Pace and Tempo of Deformation in Eastern California Over the Past 3 Ma: Implications for the Geodynamic Evolution of Right-Lateral Shear along the Western Margin of the Basin and Range
We focus on three aspects of fault evolution: timing of initiation of right-lateral slip, acceleration of slip during the past ~1Ma, and spatial variations in displacement along individual structures over the past ~100ka. First, structural and stratigraphic observations indicate that right-lateral, oblique slip did not initiate along the OVFZ until ~2Ma and along the PVFZ until ~3Ma. This timing coincides with initiation of strike-slip faults in the northern Walker Lane (Henry et al., 2007), and marks a regionally-significant reorganization of the ECSZ. Second, geomorphic analysis of the footwall ranges along the PVFZ reveal a transient wave of incision that reflects a sustained increase in fault slip between ~0.71.4Ma. Finally, estimates of slip rate reveal coordinated decreases in rate toward fault tips in Owens and Fish Lake Valleys.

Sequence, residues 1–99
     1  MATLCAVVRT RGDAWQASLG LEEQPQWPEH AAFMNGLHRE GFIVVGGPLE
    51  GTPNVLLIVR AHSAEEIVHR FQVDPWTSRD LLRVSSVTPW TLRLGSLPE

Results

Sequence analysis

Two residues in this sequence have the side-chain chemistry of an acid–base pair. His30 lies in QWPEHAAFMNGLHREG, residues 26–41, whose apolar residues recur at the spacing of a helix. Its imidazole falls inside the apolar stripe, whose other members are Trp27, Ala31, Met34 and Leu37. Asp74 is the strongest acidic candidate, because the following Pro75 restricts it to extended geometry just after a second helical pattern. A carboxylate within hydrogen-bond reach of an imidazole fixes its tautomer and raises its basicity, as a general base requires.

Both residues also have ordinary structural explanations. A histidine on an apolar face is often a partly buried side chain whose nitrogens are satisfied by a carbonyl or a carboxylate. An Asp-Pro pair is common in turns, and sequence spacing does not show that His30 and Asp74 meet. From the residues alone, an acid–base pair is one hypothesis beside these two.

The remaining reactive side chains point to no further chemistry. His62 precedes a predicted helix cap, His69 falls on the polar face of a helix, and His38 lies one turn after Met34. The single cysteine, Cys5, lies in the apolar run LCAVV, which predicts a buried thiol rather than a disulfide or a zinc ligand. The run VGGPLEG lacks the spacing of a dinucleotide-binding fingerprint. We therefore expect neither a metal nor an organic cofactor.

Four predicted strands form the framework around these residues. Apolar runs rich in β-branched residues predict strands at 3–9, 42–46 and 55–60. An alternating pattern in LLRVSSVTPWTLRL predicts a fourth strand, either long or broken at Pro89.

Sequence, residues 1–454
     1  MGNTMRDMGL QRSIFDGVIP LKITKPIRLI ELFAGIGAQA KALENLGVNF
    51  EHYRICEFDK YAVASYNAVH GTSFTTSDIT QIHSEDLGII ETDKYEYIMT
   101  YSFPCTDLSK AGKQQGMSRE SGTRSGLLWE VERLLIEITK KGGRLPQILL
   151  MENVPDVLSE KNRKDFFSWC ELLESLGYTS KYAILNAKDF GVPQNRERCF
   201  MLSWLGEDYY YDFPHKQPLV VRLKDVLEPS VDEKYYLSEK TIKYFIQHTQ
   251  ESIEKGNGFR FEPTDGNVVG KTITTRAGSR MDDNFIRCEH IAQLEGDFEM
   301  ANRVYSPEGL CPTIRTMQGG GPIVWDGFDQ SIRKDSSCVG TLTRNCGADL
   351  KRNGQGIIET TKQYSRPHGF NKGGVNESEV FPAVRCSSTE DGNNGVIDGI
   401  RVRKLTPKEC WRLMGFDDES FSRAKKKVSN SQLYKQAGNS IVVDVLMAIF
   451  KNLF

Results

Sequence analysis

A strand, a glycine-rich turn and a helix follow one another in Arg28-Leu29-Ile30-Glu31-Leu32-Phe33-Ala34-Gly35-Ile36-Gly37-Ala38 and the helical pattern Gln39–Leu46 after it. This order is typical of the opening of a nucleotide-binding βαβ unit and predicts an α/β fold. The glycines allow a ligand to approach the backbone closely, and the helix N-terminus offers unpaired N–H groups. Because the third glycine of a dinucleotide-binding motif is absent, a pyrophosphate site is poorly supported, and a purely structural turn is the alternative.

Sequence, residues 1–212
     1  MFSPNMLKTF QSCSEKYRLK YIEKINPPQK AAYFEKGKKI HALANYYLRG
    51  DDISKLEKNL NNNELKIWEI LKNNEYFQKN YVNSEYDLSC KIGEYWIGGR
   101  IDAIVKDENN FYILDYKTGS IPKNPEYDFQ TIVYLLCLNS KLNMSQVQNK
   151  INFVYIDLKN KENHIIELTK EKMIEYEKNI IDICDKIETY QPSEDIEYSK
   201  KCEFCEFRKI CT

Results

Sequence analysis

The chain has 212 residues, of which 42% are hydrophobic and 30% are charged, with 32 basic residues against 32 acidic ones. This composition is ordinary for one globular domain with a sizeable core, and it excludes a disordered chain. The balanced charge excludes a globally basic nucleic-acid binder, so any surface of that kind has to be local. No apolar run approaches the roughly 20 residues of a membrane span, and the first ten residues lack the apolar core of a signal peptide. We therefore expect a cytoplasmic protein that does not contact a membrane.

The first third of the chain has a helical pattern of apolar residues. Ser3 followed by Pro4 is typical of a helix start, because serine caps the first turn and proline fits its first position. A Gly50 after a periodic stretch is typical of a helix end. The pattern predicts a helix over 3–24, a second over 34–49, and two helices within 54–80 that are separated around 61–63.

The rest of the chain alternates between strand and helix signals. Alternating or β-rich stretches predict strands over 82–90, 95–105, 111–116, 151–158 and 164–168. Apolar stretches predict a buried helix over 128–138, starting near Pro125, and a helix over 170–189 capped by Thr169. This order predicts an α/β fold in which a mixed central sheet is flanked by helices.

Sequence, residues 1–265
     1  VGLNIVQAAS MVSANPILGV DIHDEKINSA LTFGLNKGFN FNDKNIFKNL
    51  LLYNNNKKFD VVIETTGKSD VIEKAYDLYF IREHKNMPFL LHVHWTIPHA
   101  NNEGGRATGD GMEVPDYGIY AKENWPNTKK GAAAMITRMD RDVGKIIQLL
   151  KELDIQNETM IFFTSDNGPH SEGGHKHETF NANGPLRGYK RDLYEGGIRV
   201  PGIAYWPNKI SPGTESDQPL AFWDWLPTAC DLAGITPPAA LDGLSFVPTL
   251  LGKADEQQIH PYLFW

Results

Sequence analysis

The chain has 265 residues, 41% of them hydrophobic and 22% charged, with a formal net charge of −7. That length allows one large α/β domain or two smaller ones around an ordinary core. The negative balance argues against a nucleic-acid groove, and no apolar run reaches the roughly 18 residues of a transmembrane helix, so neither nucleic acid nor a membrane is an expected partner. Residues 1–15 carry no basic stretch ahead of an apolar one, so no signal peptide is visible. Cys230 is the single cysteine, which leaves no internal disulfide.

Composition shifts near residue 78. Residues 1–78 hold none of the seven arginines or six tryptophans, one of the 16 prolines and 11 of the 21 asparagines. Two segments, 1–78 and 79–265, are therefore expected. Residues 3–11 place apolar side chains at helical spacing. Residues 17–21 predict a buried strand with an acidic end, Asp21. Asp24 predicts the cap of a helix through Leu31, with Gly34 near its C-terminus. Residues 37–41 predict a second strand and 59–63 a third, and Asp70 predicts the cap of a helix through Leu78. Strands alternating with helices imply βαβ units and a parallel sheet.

Collectively, these observations suggest that fault systems in the ECSZ are responding to a system-wide change in the locus and rate of deformation during the latest Pliocene. Subsequent acceleration in fault slip is likely associated with continued maturation of fault systems. These data force us to consider the possibility that differences between geodetic velocities and geologic slip rate may not reflect transients, but rather may be a manifestation of ongoing strain localization. We speculate that this reorganization could be driven by relatively recent thermal weakening of the lower crust consequent to removal of Sierran mantle lithosphere.